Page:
But Mr. LaPierre was also half right. Glock and Bushmaster give troubled teens and young adults like Lanza the means to kill. But antisocial video games and a wider culture of militarism give them the script.
What LaPierre neglected to say is that the arms industry, the video game industry, and the military are deeply entwined with one another and even, one could argue, allied in values. In many ways, their work together is eroding the distinction between virtual and real killing.
During the Iraq War, Marines relaxed after conducting search and destroy missions by playing Call of Duty 4 and CounterStrike, fielding the same weapons and tactics. CIA agents and Air Force personnel today kill real people in distant countries using remotely piloted drones, on interfaces modeled on video games, while US soldiers hone tactical combat skills on video game simulators and use Xbox joysticks to control real machines in the battlefield.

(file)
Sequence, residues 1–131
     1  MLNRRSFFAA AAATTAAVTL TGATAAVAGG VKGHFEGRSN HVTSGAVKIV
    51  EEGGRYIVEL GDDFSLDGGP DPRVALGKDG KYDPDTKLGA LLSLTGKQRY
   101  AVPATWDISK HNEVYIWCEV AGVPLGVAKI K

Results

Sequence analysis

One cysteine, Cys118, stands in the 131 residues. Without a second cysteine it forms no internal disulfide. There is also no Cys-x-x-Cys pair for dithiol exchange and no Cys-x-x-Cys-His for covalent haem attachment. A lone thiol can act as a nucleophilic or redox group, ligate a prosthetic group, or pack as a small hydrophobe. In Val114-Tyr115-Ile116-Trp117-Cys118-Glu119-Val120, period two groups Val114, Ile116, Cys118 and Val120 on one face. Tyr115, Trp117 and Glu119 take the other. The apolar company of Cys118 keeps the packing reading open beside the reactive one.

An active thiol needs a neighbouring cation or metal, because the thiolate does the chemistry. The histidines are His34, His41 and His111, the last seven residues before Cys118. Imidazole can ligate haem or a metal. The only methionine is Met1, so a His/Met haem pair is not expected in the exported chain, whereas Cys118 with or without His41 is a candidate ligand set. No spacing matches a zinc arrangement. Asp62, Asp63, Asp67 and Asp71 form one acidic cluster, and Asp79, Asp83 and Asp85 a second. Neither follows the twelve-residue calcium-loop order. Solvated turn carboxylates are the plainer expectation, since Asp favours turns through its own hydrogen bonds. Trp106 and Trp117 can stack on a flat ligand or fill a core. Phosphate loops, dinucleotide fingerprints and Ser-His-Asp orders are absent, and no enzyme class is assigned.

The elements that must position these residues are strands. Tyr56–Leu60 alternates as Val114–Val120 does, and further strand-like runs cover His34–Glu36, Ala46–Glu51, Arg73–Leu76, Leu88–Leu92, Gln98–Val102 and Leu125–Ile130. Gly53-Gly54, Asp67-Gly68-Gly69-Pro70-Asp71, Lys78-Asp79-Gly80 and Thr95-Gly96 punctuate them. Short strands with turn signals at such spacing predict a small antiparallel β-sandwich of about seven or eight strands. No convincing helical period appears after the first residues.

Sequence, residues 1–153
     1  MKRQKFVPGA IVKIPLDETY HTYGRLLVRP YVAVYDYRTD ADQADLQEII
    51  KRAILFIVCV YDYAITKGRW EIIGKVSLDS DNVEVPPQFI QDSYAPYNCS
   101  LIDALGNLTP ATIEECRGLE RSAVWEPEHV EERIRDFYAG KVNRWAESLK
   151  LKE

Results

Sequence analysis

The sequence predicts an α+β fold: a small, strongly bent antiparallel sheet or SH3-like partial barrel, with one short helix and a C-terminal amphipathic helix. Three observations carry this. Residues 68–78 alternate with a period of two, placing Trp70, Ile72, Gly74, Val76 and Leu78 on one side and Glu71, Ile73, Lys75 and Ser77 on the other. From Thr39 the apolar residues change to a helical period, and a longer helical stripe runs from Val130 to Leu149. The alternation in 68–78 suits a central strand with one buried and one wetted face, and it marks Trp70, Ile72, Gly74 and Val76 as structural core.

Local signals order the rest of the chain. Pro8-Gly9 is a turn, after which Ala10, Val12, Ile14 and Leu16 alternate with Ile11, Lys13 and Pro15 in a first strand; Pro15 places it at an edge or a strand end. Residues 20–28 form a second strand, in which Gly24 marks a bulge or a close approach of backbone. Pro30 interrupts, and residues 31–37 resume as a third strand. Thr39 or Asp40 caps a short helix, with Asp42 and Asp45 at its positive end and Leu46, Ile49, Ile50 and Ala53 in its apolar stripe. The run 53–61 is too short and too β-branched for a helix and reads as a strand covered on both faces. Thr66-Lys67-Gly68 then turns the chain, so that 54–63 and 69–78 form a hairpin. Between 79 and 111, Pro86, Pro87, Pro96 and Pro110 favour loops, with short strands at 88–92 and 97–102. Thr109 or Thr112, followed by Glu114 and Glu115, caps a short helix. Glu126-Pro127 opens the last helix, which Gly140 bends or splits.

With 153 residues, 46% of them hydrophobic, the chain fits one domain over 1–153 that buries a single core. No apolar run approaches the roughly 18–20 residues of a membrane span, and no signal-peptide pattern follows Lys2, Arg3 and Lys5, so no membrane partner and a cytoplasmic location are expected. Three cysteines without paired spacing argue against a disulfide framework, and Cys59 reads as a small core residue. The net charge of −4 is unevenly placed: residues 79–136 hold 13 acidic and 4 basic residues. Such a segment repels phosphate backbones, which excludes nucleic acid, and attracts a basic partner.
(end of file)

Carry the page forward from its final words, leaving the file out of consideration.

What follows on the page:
Meanwhile, the video game industry works closely with the military and gun manufacturers to ensure that their virtual weaponry, from the PM-63 submachine gun to the C-130 gunship, behaves just like the real thing. Some game companies have direct contracts with the Department of Defense, manufacturing hardware and software for military applications.